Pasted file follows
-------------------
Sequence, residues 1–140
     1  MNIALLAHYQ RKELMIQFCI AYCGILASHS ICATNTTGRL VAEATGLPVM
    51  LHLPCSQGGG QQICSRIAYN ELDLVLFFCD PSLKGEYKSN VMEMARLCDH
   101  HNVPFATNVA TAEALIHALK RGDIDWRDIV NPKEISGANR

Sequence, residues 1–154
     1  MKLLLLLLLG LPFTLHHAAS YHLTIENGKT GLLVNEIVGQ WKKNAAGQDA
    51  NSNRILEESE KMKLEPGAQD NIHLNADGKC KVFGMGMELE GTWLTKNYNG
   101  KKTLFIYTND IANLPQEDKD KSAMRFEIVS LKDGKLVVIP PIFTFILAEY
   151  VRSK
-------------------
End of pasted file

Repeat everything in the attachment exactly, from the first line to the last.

Sequence, residues 1–140
     1  MNIALLAHYQ RKELMIQFCI AYCGILASHS ICATNTTGRL VAEATGLPVM
    51  LHLPCSQGGG QQICSRIAYN ELDLVLFFCD PSLKGEYKSN VMEMARLCDH
   101  HNVPFATNVA TAEALIHALK RGDIDWRDIV NPKEISGANR

Sequence, residues 1–154
     1  MKLLLLLLLG LPFTLHHAAS YHLTIENGKT GLLVNEIVGQ WKKNAAGQDA
    51  NSNRILEESE KMKLEPGAQD NIHLNADGKC KVFGMGMELE GTWLTKNYNG
   101  KKTLFIYTND IANLPQEDKD KSAMRFEIVS LKDGKLVVIP PIFTFILAEY
   151  VRSK